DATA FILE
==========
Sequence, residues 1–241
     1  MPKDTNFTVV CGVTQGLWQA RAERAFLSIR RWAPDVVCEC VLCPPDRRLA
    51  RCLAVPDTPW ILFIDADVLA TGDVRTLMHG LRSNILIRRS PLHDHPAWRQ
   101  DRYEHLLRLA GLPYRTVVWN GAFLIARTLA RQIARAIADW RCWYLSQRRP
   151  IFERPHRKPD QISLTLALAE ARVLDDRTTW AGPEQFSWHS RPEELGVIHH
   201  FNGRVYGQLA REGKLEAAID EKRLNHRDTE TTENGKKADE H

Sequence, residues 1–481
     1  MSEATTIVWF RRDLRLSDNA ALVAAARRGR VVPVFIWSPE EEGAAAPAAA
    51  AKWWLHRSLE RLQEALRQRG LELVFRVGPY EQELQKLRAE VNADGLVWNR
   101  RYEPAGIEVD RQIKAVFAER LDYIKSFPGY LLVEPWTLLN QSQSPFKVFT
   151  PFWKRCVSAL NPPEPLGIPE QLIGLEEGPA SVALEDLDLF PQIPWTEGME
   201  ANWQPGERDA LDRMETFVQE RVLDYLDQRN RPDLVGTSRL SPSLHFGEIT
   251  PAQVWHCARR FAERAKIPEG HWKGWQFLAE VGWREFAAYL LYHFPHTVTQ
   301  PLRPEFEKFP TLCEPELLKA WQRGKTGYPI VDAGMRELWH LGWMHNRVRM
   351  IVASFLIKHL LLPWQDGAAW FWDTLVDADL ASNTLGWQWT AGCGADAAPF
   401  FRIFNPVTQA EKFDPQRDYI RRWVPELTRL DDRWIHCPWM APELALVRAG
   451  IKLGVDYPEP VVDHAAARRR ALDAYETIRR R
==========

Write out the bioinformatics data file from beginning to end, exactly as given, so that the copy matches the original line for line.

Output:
Sequence, residues 1–241
     1  MPKDTNFTVV CGVTQGLWQA RAERAFLSIR RWAPDVVCEC VLCPPDRRLA
    51  RCLAVPDTPW ILFIDADVLA TGDVRTLMHG LRSNILIRRS PLHDHPAWRQ
   101  DRYEHLLRLA GLPYRTVVWN GAFLIARTLA RQIARAIADW RCWYLSQRRP
   151  IFERPHRKPD QISLTLALAE ARVLDDRTTW AGPEQFSWHS RPEELGVIHH
   201  FNGRVYGQLA REGKLEAAID EKRLNHRDTE TTENGKKADE H

Sequence, residues 1–481
     1  MSEATTIVWF RRDLRLSDNA ALVAAARRGR VVPVFIWSPE EEGAAAPAAA
    51  AKWWLHRSLE RLQEALRQRG LELVFRVGPY EQELQKLRAE VNADGLVWNR
   101  RYEPAGIEVD RQIKAVFAER LDYIKSFPGY LLVEPWTLLN QSQSPFKVFT
   151  PFWKRCVSAL NPPEPLGIPE QLIGLEEGPA SVALEDLDLF PQIPWTEGME
   201  ANWQPGERDA LDRMETFVQE RVLDYLDQRN RPDLVGTSRL SPSLHFGEIT
   251  PAQVWHCARR FAERAKIPEG HWKGWQFLAE VGWREFAAYL LYHFPHTVTQ
   301  PLRPEFEKFP TLCEPELLKA WQRGKTGYPI VDAGMRELWH LGWMHNRVRM
   351  IVASFLIKHL LLPWQDGAAW FWDTLVDADL ASNTLGWQWT AGCGADAAPF
   401  FRIFNPVTQA EKFDPQRDYI RRWVPELTRL DDRWIHCPWM APELALVRAG
   451  IKLGVDYPEP VVDHAAARRR ALDAYETIRR R